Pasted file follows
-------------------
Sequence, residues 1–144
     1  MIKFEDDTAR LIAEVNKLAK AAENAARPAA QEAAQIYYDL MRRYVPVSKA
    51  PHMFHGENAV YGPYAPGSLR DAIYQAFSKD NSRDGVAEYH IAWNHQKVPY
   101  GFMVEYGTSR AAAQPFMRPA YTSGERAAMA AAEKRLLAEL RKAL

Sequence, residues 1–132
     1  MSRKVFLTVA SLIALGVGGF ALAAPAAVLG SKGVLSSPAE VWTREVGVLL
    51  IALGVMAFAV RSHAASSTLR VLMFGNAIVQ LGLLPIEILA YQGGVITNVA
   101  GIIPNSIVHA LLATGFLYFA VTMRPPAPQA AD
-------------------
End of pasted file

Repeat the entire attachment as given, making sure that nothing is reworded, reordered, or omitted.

Sequence, residues 1–144
     1  MIKFEDDTAR LIAEVNKLAK AAENAARPAA QEAAQIYYDL MRRYVPVSKA
    51  PHMFHGENAV YGPYAPGSLR DAIYQAFSKD NSRDGVAEYH IAWNHQKVPY
   101  GFMVEYGTSR AAAQPFMRPA YTSGERAAMA AAEKRLLAEL RKAL

Sequence, residues 1–132
     1  MSRKVFLTVA SLIALGVGGF ALAAPAAVLG SKGVLSSPAE VWTREVGVLL
    51  IALGVMAFAV RSHAASSTLR VLMFGNAIVQ LGLLPIEILA YQGGVITNVA
   101  GIIPNSIVHA LLATGFLYFA VTMRPPAPQA AD